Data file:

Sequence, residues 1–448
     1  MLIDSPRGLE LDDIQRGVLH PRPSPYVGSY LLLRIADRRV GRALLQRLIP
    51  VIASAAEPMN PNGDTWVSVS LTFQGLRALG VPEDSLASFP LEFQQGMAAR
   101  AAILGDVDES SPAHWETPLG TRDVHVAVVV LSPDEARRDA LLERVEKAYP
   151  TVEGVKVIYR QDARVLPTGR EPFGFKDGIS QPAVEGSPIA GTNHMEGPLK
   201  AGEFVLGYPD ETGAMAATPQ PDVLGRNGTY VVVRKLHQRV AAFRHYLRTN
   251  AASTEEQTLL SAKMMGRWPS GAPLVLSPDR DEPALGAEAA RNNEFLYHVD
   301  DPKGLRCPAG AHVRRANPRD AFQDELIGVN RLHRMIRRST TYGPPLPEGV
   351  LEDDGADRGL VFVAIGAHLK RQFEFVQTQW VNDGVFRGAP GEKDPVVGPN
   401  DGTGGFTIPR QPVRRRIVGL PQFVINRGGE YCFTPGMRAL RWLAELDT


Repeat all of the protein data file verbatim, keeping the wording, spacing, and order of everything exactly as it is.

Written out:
Sequence, residues 1–448
     1  MLIDSPRGLE LDDIQRGVLH PRPSPYVGSY LLLRIADRRV GRALLQRLIP
    51  VIASAAEPMN PNGDTWVSVS LTFQGLRALG VPEDSLASFP LEFQQGMAAR
   101  AAILGDVDES SPAHWETPLG TRDVHVAVVV LSPDEARRDA LLERVEKAYP
   151  TVEGVKVIYR QDARVLPTGR EPFGFKDGIS QPAVEGSPIA GTNHMEGPLK
   201  AGEFVLGYPD ETGAMAATPQ PDVLGRNGTY VVVRKLHQRV AAFRHYLRTN
   251  AASTEEQTLL SAKMMGRWPS GAPLVLSPDR DEPALGAEAA RNNEFLYHVD
   301  DPKGLRCPAG AHVRRANPRD AFQDELIGVN RLHRMIRRST TYGPPLPEGV
   351  LEDDGADRGL VFVAIGAHLK RQFEFVQTQW VNDGVFRGAP GEKDPVVGPN
   401  DGTGGFTIPR QPVRRRIVGL PQFVINRGGE YCFTPGMRAL RWLAELDT